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Friday, October 07, 2016

Eras

The Baseball Hall of Fame has again tinkered with what we might generally call their "second chance for induction process," previously known as the Veterans' committee, and now called the "Eras Committee." It operates on the same principle, but is now in four categories rather than three: Early Baseball (1871-1949), Glory Days (1950-1969), Modern Baseball (1970-1988) and Today's Baseball (1988 to the present). Also, instead of rotating the eras one by one, the Modern and Today's Baseball categories will go twice every five years, the Glory Days one every five years, and the Early Baseball once every ten years. Cleary, from many years gone by when no one was elected, they've realized the earlier years have been exhausted of qualified Hall of Famers.

But this year's ballot is a strange one. Only one of the five players listed, Mark McGwire, reached higher than twelve percent in the writers' vote (he topped out at 23.7 percent), He would have been a shoo-in if not for PED use, but I doubt the committee of sixteen will be any more lenient than the writers. The other four players, Harold Baines, Albert Belle, Will Clark, and Orel Hershiser, received scant attention from the writers. The only one with HOF numbers is Belle. He only played twelve years due to injury, but he averaged 40 homers and 130 RBI a season. But the players he most closely resembles, statistically (according to Baseball Reference) list only two HOFers, Ralph Kiner and Hank Greenberg. But Belle is done in by two factors--he played during the PED era and he was hated by just about everyone. Maybe a hundred years now someone will look at his numbers and wonder why he never got in, but his foul personality is still remembered too well.

Their are five managers and executives up for induction. Of the managers, both are close but no cigar to me, but I wouldn't begrudge their elections. Davey Johnson managed one of the best teams of the last fifty years, the 1986 Mets, to the title. But he never won another one. He did take four teams he managed, which included the Orioles, Reds, and Nationals, to the post-season, though. I don't know if that's a record for number of teams taken to a post-season, but it's got to be close (Billy Martin also took four). His .562 winning percentage is nothing to sneeze at, and of his 17 years managing, he only had five sub-.500 seasons. He just doesn't feel like a Hall of Famer to me.

Lou Piniella might stand a better shot, even though he has a lower winning percentage (mostly from a disastrous three-year stretch as Tampa Bay's manager). He also won just one title (with Cincinnati in 1990), and took two other teams to the post-season, including the 2001 Mariners, who won a record 116 games. But that team, as well as two Cub teams, underperformed in the playoffs. He was a better player than Johnson, which might get him more consideration.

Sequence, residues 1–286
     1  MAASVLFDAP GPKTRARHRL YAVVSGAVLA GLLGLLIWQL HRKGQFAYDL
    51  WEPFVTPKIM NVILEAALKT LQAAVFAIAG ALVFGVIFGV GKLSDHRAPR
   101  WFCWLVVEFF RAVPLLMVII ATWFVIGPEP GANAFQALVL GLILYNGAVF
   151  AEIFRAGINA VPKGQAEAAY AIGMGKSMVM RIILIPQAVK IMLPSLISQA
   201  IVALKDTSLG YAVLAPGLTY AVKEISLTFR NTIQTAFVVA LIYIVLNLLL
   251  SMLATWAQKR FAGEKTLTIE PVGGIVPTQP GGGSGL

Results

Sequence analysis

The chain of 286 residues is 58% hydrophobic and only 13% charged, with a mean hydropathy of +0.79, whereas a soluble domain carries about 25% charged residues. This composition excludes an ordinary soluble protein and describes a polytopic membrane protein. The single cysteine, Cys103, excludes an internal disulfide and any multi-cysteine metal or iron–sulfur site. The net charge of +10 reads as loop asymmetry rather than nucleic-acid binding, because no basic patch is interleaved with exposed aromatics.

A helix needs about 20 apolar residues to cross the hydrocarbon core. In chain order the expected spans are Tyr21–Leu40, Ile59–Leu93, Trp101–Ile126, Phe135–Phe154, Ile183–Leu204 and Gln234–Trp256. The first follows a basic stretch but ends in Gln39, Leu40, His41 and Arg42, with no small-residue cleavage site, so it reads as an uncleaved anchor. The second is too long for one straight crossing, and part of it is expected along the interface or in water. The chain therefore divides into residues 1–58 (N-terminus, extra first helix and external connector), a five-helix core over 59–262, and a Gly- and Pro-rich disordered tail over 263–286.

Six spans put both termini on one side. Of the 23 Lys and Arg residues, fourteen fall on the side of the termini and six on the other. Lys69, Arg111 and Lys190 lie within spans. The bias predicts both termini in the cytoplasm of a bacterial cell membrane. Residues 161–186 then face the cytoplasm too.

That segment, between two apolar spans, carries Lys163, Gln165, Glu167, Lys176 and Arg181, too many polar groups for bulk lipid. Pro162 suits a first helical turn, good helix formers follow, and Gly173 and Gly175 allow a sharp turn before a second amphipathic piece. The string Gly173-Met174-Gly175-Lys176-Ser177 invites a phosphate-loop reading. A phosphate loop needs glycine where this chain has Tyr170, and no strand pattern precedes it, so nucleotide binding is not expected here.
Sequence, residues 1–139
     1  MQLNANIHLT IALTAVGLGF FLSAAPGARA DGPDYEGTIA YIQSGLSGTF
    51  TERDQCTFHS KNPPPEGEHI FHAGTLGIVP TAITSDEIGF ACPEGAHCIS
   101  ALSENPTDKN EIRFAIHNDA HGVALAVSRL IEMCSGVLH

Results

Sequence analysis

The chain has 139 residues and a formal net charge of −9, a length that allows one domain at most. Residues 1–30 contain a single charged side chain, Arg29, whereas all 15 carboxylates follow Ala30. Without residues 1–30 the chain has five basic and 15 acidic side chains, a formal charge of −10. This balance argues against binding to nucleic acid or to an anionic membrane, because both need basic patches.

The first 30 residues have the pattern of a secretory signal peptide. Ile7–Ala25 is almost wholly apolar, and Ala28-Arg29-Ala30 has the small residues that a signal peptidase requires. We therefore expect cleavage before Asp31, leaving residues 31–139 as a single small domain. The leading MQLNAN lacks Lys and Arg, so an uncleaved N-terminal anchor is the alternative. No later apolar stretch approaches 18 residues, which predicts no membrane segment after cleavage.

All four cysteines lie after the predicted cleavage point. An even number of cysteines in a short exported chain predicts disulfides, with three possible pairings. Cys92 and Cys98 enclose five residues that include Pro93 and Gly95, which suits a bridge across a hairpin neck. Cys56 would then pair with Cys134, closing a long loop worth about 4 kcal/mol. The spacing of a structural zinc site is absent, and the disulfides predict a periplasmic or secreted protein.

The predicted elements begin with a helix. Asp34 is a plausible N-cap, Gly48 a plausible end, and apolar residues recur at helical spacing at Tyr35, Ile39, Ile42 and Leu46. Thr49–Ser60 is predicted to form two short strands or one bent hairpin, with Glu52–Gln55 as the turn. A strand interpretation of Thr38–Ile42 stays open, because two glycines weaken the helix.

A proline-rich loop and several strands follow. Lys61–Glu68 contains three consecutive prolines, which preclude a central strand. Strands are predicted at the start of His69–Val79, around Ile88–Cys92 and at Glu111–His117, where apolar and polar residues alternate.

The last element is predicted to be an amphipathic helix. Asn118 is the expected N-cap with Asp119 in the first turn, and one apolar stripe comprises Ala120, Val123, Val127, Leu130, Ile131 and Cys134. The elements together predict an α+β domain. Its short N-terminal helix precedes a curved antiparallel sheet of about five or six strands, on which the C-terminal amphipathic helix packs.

Of the three executives, George Steinbrenner, bumptious owner of the New York Yankees, is back for another go-round. He didn't get enough votes to even qualify for stating how many votes he got last time, so I doubt voters will change their tune. The two that stand the best chance of election are for different reasons.

John Schuerholz, who is best known for building the dominant Braves of the 1990s, should be elected. If building the Braves wasn't enough, he also was the general manager of the 1985 Kansas City Royals, and is thus the only GM to win titles in both leagues. Though Atlanta won only one title, they did win 14 straight division titles. Schuerholz is a no-brainer.

Lastly, what do make of Bud Selig's presence on the ballot? Here is a man who was booed heartily every time he was introduced at a Hall of Fame induction ceremony. Not a fan favorite, he might be inducted simply because he was commissioner during an upswing in baseball popularity. He did preside over the 1994 strike, and the debacle of the tied All Star games and interleague play. He is not much of a fan of purists, because he also oversaw the addition of the wild-card game, but that has proved to be an exciting addition to baseball's post-season.

Not all commissioners have been elected, though almost all of them have. Bart Giammati served only a few months before an untimely death, and his successor, Faye Vincent, as well as Peter Ueberroth, have never been brought up for Hall consideration. But if Bowie Kuhn can get in, so can Selig. I will give him this--he loves baseball.

If Schuerholz and Selig are elected by the "Eras" committee, the writers better elect someone, because no one will show up for just these two.

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